Hong Kong. A spectacular, serrated skyline of soaring towers and neon lights, Hong Kong is a vibrant, immersive metropolis and cultural hub. Dramatic harbour-front light shows transform the waterfront’s gleaming buildings into a colourful canvas – best seen from the Star Ferry, when the Symphony of Lights blares into life each evening. A city where future and tradition collides - perhaps best illustrated by the skyscrapers that feature gaping holes, designed to allow spirit dragons to soar from the hills to the waterfront unimpeded. Wander flowing shopping streets, wade through sprawling markets and soak up the neon glory of this one-of-a-kind city - which continues to reach for the sky. Hong Kong's dense jumble of activity is one of its main appeals, but once you've felt the thrill of rising to towering observation decks, to see the soaring city from above, it's surprisingly easy to find peace among Hong Kong's intense urban wonders. Victoria Peak is the highest point and it offers staggering views down over the city and harbour. The Peak Tram funicular can ferry you to the top, to the vantage point which was historically adored by the rich for the cooler air found here, away from the busy bustle of the city streets. Many elaborate temples add a tranquil element to Hong Kong’s whirr, and Tin Hau temple has a surprisingly urban location, considering its dedication to the Goddess of the Sea. It did once occupy the shorefront, but the city's growth saw land reclaimed from the sea around it, leaving the temple marooned inland. Having been leased to the British for 99 years, milky tea is a revered tradition here - enjoy your cup with a serving of local dim sum.While it's easy to think all the bright lights are the sum of today's Hong Kong, you need only walk or board a tram for the short jaunt west into Western district to discover a side of Hong Kong that is more traditionally Chinese but no less high-energy. You'll discover the real Hong Kong to the east of Central, too, in Wan Chai, Causeway Bay, and beyond. Amid the residential towers are restaurants, shopping malls, bars, convention centers, a nice smattering of museums, and—depending on fate and the horse you wager on—one of Hong Kong's luckiest or unluckiest spots, the Happy Valley Racecourse. Kowloon sprawls across a generous swath of the Chinese mainland across Victoria Harbour from Central. Tsim Sha Tsui, at the tip of Kowloon peninsula, is packed with glitzy shops, first-rate museums, and eye-popping views of the skyline across the water. Just to the north are the teeming market streets of Mong Kok and in the dense residential neighborhoods beyond, two of Hong Kong's most enchanting spiritual sights, Wong Tai Sin Temple and Chi Lin Nunnery. As you navigate this huge metropolis (easy to do on the excellent transportation network), keep in mind that streets are usually numbered odd on one side, even on the other. There's no baseline for street numbers and no block-based numbering system, but street signs indicate building numbers for any given block.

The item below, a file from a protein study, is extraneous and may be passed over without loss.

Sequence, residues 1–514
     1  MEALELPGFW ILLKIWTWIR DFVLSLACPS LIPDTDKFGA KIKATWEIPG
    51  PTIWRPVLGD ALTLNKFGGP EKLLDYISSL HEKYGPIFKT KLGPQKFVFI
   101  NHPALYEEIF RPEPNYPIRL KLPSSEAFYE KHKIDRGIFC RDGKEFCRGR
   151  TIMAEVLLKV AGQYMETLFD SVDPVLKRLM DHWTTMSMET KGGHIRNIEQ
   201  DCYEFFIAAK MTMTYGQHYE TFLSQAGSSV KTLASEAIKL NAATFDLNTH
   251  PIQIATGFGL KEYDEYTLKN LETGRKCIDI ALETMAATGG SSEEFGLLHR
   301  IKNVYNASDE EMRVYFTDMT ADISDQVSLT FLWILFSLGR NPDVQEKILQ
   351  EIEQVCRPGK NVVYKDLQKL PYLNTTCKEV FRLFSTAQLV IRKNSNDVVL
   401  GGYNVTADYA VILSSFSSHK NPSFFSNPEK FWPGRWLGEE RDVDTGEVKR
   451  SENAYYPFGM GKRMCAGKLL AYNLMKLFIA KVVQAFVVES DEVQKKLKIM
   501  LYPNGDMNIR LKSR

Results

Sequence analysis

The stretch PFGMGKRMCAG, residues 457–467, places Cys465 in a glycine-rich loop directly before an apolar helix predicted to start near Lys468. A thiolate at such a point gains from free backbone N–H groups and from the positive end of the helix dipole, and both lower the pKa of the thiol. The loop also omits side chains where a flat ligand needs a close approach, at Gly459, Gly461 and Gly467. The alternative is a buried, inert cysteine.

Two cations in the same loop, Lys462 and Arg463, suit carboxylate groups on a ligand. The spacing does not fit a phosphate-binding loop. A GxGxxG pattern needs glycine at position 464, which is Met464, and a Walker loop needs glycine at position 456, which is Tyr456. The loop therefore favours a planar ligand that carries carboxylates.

If you’re after a small ship cruise or an expedition ship cruise to China Wild Earth Travel can help you find a trip of a lifetime. We are ready to guide you through our range of different options with impartial advice so you can experience the very best of this unique destination. Our team are all passionate expedition & small cruise ship travellers and our knowledge and stories come from our own personal experiences.